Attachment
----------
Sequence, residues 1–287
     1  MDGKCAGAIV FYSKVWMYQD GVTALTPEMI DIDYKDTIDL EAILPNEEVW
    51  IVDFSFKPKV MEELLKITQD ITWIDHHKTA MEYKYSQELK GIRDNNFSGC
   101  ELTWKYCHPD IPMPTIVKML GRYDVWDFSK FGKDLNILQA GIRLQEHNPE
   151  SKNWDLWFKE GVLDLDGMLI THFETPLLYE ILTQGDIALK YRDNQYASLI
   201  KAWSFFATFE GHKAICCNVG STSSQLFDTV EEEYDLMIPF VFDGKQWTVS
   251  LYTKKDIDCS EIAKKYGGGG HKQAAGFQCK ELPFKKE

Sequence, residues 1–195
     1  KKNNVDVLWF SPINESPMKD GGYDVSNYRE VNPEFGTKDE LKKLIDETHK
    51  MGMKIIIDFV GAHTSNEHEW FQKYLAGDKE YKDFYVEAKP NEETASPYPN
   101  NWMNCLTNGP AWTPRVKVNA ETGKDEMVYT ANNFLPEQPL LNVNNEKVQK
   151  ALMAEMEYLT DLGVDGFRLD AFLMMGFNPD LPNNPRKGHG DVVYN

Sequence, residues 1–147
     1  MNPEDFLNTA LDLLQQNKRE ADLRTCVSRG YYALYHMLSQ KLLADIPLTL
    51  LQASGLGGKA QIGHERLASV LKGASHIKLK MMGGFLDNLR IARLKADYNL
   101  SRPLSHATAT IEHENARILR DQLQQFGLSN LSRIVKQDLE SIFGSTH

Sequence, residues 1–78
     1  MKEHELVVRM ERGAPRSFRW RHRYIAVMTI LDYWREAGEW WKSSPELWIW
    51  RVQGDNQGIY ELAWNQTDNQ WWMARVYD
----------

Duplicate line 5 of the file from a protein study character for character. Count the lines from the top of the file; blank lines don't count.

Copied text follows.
   151  SKNWDLWFKE GVLDLDGMLI THFETPLLYE ILTQGDIALK YRDNQYASLI